Do You Actually Know Why We Should Take A Knee?

By Denzel McCampbell

Just over a year ago, I wrote about why we were having the wrong conversation about Colin Kaepernick taking a knee. I talked about those who seek to prevent equity and justice commandeering conversations around these issues to make it about an unrelated issue, the aim being to show the marginalized groups in a negative, false light.

Sadly, we have arrived at that point again.

When I wrote the piece, Donald Trump was not in office. Colin Kaepernick had a job and was using his platform to bring light to the violence that Black people continue to face at the hands (and guns) of police officers in this country.

When Kaepernick began to take a knee and not stand for the Star-Spangled Banner, he described his action with this: “I am not going to stand up to show pride in a flag for a country that oppresses black people and people of color… There are bodies in the street and people getting paid leave and getting away with murder.”

Colin Kaepernick put his career on the line to call out a serious ill of this country, an ill this country has continued to be inflicted with, and refuses to take the medicine for, since its founding. One cannot help but to think back to the famous Black Power Salute photo of Black Olympic Medalists Tommie Smith and John Carlos, with Australian Peter Norman wearing a patch to support the human rights effort. All of those men faced scrutiny and were shunned after they used their platform to fight against injustices.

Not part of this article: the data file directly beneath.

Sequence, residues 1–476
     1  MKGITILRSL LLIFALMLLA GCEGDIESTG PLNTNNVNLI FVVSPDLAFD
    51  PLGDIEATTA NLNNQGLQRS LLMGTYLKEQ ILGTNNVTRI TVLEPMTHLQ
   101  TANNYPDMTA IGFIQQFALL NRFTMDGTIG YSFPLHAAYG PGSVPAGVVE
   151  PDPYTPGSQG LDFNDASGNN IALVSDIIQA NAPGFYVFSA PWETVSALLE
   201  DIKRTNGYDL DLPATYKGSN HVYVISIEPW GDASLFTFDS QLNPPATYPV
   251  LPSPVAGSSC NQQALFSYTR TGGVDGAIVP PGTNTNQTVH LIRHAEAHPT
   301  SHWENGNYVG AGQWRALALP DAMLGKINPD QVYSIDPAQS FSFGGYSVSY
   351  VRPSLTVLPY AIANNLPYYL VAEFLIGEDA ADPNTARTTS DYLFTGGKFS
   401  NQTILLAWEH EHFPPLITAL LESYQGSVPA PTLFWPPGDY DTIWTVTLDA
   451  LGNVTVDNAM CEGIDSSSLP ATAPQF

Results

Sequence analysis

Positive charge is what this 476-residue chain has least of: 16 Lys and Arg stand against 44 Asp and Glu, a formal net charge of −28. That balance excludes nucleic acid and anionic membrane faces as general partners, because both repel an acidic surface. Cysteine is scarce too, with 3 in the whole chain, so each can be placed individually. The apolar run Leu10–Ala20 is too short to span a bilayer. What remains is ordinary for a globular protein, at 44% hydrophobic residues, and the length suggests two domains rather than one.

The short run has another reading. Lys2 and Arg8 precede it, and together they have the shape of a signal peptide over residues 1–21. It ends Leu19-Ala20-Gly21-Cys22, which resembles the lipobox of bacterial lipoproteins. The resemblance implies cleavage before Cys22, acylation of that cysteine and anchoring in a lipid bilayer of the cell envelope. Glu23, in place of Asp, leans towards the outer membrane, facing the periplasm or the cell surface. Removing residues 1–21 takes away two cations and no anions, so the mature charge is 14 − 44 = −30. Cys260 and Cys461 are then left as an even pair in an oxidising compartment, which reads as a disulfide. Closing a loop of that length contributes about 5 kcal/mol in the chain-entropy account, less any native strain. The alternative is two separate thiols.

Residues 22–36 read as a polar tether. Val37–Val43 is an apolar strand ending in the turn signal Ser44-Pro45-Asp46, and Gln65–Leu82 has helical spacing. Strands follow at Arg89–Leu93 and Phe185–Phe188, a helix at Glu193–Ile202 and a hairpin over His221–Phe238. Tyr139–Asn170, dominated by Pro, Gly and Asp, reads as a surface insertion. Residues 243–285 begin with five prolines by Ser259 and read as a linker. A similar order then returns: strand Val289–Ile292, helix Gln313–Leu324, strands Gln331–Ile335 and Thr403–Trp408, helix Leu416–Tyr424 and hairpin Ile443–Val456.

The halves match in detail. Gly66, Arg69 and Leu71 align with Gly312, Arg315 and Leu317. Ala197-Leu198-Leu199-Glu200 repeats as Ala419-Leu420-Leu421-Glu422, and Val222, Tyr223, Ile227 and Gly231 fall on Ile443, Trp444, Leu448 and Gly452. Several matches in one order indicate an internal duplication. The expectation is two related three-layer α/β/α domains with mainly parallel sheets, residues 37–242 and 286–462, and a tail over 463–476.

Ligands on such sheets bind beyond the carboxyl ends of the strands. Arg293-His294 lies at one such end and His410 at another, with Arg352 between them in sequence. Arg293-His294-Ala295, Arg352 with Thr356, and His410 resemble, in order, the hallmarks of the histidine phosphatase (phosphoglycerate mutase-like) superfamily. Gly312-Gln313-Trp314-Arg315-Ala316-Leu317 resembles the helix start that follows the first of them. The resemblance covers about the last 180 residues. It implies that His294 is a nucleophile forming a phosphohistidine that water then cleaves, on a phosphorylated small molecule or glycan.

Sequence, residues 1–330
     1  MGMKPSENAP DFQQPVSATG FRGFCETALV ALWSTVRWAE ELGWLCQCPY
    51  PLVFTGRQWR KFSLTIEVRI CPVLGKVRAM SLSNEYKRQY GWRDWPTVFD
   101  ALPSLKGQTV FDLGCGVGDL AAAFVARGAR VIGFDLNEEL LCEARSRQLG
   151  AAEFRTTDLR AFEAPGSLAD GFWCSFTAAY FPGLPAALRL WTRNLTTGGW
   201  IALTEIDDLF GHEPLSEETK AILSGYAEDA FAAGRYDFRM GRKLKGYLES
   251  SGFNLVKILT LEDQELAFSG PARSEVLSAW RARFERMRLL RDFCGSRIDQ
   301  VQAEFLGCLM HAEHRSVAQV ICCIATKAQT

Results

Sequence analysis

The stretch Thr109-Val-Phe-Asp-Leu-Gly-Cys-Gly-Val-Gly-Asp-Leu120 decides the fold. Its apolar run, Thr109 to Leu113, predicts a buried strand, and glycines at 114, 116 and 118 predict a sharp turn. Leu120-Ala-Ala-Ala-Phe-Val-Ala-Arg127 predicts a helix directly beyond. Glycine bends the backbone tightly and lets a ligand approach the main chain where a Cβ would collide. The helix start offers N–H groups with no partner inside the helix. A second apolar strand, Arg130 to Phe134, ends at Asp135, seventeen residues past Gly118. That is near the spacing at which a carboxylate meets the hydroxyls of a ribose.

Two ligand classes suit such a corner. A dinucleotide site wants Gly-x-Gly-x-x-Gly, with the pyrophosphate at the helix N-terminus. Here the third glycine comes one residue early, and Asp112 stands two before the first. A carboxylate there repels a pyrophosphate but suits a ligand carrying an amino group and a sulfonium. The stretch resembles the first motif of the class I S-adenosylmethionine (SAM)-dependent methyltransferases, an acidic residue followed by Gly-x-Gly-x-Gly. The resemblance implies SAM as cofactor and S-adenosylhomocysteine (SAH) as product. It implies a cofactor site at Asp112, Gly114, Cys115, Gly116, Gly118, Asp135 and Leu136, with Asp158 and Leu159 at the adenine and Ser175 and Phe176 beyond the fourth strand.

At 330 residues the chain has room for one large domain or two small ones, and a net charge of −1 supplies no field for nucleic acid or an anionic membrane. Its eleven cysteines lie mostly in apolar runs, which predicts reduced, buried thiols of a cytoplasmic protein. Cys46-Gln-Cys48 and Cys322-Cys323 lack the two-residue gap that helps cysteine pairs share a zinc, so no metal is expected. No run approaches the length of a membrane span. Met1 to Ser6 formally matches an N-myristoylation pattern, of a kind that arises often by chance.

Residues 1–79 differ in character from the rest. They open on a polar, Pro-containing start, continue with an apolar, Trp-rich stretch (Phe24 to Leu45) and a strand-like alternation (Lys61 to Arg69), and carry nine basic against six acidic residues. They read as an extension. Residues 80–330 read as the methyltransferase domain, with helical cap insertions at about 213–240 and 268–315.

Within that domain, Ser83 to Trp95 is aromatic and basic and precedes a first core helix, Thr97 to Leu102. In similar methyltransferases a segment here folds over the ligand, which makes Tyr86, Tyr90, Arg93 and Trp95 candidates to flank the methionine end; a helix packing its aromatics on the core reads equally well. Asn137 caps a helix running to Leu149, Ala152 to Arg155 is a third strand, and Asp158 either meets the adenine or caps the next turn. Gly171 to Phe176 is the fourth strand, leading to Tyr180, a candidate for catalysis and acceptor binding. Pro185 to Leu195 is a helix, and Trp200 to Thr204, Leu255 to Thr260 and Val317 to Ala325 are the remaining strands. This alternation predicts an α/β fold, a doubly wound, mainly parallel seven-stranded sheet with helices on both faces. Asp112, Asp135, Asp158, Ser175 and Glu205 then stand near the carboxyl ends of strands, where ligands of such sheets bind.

Yet the actions over the weekend with NFL owners locking arms with players, rebuking Donald Trump, leave me with a feeling of hollowness. Kaepernick remains unemployed; only one team brought up the injustices against people of color in their response; and I’ve yet to see those owners put their money where their mouths are in the way Colin Kaepernick has done. (Even while unemployed, Kaepernick has donated to the organizations fighting on the ground against police and state violence, and he has held community events with young Black kids).

If we are truly going to take a knee, we should be sure we are taking it for the right reason. We should take a knee and then some. We should fight against the violence that Black people face from the very people who are supposed to be protecting us. And we should speak truth to power instead of applauding the very folks who are punishing Colin Kaepernick for doing just that.

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